Amsterdam is well on its way with its civil innovation efforts. The city boasts of food delivery services via solar-powered tricycles and crowd-sourced parking lots. Even better, three cities in the Netherlands already have noteworthy smart projects.
Nijmegen piloted the Smart Emission project aided by a low-cost citizen-sensor network. Partner citizens deployed sensors in public, from roundabouts and sidewalks to the front of houses. These sensors gather real-time data—air quality, noise level, humidity, and air pressure—which is then visualized on a map and readily provided to locals 24/7.
Rotterdam, meanwhile, installed a sustainable water management system called Rain Radar, which interprets how much rain has fallen in specific areas. This system allows the water board to store or direct excess water in playgrounds, underground water tanks, and canals to prevent flooding. Since the city is very vulnerable to flooding, being six meters below sea level and suffering acute rainfall that cause severe damage, small-scale facilities have also been developed. Green roofs, flood-control water plazas, and car parks with huge underground water storage aim to address flooding.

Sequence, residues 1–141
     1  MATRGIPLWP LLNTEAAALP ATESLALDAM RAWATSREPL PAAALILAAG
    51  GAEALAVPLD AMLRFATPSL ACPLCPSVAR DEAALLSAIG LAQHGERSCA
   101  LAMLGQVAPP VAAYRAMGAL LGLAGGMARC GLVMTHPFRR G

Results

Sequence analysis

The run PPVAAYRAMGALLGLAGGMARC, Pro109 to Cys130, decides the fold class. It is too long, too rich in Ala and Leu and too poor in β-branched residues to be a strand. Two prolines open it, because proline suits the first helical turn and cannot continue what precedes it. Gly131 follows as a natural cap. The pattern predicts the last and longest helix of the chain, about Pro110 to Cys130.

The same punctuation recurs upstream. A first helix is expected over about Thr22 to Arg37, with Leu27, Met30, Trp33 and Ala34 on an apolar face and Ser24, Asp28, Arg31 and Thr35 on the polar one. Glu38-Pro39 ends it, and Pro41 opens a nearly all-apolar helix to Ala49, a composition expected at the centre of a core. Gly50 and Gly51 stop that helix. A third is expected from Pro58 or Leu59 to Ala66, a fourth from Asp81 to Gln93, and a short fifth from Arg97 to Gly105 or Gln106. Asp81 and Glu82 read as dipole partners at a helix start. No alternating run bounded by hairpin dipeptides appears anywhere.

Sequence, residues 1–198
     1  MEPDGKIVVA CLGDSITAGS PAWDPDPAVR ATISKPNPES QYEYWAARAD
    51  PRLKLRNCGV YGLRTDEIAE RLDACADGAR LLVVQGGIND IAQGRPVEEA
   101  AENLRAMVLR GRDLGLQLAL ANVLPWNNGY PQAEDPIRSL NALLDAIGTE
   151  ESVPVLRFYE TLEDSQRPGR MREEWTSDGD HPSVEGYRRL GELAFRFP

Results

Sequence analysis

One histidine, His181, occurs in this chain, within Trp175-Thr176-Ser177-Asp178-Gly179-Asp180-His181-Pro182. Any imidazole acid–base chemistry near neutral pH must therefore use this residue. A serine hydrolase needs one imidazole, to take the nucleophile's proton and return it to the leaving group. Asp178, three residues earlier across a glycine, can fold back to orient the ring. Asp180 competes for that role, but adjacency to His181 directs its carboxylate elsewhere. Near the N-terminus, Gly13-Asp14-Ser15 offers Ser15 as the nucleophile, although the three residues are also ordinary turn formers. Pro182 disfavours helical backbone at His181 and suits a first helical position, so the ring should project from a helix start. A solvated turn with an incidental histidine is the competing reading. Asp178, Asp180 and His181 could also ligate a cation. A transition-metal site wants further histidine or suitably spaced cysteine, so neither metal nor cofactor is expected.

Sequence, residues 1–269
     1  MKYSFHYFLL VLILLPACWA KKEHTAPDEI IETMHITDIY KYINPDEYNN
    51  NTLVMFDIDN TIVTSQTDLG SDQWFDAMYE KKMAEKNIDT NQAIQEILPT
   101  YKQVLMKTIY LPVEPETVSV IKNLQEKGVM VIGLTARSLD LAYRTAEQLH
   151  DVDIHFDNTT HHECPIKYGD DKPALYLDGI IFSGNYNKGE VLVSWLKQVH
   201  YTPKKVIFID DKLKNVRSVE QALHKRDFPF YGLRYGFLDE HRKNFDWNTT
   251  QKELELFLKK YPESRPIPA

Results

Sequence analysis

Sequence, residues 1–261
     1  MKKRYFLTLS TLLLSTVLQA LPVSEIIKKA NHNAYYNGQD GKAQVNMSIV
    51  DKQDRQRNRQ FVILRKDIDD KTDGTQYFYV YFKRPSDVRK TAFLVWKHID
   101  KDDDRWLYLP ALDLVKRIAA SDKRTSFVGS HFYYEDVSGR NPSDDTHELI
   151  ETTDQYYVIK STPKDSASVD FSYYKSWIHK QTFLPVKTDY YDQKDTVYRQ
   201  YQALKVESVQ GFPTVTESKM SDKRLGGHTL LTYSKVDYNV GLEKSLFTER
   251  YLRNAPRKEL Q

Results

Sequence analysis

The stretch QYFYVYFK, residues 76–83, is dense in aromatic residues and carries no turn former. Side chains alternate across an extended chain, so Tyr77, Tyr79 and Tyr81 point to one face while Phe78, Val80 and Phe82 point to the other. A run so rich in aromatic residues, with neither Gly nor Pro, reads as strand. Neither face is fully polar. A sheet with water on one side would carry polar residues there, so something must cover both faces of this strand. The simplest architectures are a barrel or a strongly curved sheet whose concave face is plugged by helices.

In Oosterworld, Almere lies an off-grid village called ReGen, where a typical day can mean harvesting salad greens from seasonal gardens, gathering eggs from a communal farm, and having food waste collected for composting. ReGen was designed to be a self-sustaining living space that recycles waste, produces its own energy and food, and does not emit pollution. It boasts of homes, greenhouses, aquaponics gardens, livestock, solar cells, and water storage, among others.